BELFAST, Maine — A Troy mother convicted of killing her 7-week-old son will spend 13 years in prison.

A jury found Miranda Hopkins, 32, guilty of manslaughter in the death of infant Jaxson at the end of an emotional seven-day trial last month.

Superior Court Justice Robert Murray sentenced Hopkins to 18 years with five years suspended. She’ll follow her time in jail with four years of probation, during which she’ll be required to refrain from using drugs or alcohol and submit to random testing and counseling or treatment as needed.

Murray agreed to stay the sentence until Dec. 26, so Hopkins can spend Christmas with her father, who is in poor health. Hopkins will be placed under house arrest at her cousin’s home in Carmel, where she’s been staying while out on bail since her arrest 11 months ago.

Christopher MacLean, Hopkins’ defense attorney, said he has filed a notice of appeal in the case, but that he hasn’t determined whether he will follow through with an appeal. He said he feels the trial was handled fairly by the court.

On Jan. 12, Hopkins told police that she rolled over in bed to discover Jaxson’s cold, lifeless body. Neither she nor first responders could revive the baby.

Hopkins claimed to have no knowledge of what happened to Jaxson that night. She told investigating officers that she believed one of her two other sons, then ages 6 and 8, both of whom have been described as profoundly autistic and nonverbal, must have climbed over the baby gate, killed their youngest brother during the night, and put him back into the bed next to Hopkins. She maintained that claim throughout the trial. Both boys are now living with their father.

Police arrested Hopkins after several interviews and charged her with murder, but a grand jury indicted her on the lesser charge of manslaughter. Manslaughter is a Class A crime punishable by up to 30 years in prison.

Prosecutors argued that Hopkins was under stress after caring for two autistic sons and an infant. While she may have normally been a good mother, she made a “bad choice” on that night when Jaxson wouldn’t stop crying and shook and beat the infant. Hopkins admitted to having five to seven shots of whiskey earlier in the evening, as well as smoking marijuana and taking Benadryl.

Murray said her use of those substances influenced the sentence. The most aggravating factor in the sentence however, was Hopkins’ failure to take responsibility for Jaxson’s death by pointing the finger at her other two sons, Murray said.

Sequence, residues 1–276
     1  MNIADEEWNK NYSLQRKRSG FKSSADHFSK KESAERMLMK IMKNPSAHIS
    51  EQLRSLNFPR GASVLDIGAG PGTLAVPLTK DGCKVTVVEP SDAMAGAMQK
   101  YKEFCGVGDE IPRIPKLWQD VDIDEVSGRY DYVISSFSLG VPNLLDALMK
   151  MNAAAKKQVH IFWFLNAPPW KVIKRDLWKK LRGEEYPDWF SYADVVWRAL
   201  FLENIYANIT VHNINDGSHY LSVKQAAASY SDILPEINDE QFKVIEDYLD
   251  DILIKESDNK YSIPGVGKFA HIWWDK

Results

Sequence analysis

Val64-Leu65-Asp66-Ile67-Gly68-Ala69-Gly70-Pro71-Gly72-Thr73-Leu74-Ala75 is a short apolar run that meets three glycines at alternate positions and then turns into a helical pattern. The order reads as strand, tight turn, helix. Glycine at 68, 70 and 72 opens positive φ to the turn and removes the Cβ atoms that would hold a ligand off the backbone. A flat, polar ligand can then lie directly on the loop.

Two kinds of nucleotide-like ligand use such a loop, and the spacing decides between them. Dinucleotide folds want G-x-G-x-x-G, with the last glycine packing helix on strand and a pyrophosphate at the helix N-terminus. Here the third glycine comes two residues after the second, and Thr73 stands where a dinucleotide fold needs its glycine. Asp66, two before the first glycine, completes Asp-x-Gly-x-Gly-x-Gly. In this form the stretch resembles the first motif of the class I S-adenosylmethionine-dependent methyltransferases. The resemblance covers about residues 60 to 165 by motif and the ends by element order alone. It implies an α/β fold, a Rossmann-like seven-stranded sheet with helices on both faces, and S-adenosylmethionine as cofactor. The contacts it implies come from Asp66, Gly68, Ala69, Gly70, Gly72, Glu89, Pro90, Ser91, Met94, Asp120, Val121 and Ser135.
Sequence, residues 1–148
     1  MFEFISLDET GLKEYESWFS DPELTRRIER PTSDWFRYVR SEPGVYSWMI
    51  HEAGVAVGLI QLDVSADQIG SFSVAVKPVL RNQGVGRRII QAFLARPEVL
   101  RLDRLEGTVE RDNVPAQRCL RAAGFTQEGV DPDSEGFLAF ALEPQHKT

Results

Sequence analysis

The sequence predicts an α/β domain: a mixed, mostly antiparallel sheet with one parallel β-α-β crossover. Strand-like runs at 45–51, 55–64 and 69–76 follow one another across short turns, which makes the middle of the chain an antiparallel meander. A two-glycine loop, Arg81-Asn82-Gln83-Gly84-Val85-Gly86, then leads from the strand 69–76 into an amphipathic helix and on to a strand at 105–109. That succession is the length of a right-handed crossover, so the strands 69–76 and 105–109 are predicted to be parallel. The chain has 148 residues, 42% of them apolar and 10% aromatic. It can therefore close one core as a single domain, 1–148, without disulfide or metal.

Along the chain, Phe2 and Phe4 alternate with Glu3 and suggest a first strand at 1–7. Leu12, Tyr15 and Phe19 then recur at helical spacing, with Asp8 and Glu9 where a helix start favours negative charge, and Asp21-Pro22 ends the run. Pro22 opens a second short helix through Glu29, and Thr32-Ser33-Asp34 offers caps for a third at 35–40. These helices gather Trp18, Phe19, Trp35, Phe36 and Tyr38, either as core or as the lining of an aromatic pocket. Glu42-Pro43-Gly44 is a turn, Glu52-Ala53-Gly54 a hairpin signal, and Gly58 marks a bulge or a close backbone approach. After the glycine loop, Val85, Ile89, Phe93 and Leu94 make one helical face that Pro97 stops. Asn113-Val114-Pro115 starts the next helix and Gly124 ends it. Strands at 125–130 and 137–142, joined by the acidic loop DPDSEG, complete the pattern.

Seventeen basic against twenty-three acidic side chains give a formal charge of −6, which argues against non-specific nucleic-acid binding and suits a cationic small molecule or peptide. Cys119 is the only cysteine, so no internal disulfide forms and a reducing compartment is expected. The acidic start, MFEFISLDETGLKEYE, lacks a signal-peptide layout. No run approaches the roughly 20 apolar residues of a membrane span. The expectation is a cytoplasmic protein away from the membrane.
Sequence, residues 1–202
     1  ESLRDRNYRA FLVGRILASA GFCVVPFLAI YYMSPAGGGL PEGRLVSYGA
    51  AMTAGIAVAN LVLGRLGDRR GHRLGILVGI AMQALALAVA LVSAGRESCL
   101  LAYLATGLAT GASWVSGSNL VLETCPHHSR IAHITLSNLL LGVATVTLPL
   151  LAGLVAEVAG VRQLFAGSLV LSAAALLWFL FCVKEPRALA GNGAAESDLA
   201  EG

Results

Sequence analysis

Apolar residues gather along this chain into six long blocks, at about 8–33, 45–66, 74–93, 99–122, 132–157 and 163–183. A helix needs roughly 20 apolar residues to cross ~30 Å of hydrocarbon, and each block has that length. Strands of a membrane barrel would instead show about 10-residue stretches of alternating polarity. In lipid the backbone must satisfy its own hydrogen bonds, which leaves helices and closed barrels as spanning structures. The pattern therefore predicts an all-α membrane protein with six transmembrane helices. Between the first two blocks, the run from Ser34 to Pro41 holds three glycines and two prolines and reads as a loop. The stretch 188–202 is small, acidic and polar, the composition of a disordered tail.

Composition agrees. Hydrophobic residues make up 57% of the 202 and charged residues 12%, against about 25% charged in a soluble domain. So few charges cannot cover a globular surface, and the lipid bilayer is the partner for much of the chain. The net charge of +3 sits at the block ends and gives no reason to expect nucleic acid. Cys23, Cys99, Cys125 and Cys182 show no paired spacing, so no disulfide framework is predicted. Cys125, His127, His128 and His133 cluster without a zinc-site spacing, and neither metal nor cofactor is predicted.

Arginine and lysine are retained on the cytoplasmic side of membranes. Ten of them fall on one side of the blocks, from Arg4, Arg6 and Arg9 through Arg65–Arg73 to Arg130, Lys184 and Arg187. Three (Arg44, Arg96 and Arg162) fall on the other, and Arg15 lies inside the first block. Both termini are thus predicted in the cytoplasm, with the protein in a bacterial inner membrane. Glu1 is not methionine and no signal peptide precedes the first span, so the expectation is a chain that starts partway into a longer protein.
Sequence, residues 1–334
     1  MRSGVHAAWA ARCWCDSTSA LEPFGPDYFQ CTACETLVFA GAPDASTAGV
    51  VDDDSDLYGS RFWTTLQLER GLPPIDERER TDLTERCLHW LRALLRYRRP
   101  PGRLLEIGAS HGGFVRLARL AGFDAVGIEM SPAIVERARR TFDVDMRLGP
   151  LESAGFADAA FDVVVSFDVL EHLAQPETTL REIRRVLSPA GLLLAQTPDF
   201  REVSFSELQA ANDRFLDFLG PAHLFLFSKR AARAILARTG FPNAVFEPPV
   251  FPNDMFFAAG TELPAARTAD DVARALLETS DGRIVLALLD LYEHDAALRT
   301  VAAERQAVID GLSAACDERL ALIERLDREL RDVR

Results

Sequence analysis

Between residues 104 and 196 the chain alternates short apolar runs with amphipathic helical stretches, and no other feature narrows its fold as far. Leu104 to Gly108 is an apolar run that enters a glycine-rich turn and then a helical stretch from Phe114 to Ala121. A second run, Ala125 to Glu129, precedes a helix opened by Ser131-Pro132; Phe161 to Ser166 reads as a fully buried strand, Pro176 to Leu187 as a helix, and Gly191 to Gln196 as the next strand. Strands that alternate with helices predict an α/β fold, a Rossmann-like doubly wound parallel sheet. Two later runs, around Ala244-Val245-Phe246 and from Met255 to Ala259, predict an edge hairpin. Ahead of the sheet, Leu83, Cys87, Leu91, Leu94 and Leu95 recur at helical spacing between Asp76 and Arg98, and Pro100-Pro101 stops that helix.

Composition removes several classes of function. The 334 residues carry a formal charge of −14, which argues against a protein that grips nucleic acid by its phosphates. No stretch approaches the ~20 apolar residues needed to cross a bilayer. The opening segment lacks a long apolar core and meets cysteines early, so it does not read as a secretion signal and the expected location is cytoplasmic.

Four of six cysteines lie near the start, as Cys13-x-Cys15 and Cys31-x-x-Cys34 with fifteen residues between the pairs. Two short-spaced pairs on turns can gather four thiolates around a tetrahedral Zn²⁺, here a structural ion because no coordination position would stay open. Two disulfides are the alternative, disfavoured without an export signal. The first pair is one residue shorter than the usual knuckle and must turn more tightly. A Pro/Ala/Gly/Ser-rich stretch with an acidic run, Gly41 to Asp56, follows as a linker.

“She has never said what she did to Jaxson to cause his injuries,” prosecutor and Assistant Attorney General Leane Zainea told the judge. Instead, she implicated her boys. “That stigma will stay with them forever.”

After her arrest, Hopkins told detectives she wanted to “come clean,” and relayed a story that differed from the one she shared originally. She said she passed out in her older sons’ bedroom while Jaxson was asleep alone in his bouncy chair in the cluttered trailer’s living room. She later got up to get an ice pack and went back to her own room at the other end of the trailer. When she woke up the next morning, Jaxson was dead next to her.

The state argued that the extensive injuries Jaxson suffered — head to toe bruises, a fractured skull, broken arm, broken ribs and bleeding around the spinal column, among others — were most likely caused by squeezing and shaking the infant and knocking his head against a hard surface.

The level of violence inflicted on an “utterly defenseless and vulnerable baby” also influenced the sentence, Murray said.

Multiple family members and friends of Hopkins, most of whom attended portions of the trial, spoke during sentencing, asking Murray for leniency. Several argued that Hopkins had already faced the worst punishment possible — the loss of all three of her children.

They described Hopkins as the “backbone” of her extended family and friends. They said Hopkins was the best mother she could be with the limited resources she had, and that she started a support group on Facebook for parents of autistic children.

Another mitigating factor was that Hopkins didn’t have any criminal history until Jan. 12, 2017. However, prosecutors read several social media messages indicating that Hopkins was illegally selling medical marijuana she grew in her home. MacLean said while Hopkins was violating the law in selling marijuana, she did so to pay bills and attempt to repair her car.

The judge reached the 13-year sentence by balancing all these factors.

Follow Nick McCrea on Twitter at @nmccrea213.

Follow the Bangor Daily News on Facebook for the latest Maine news.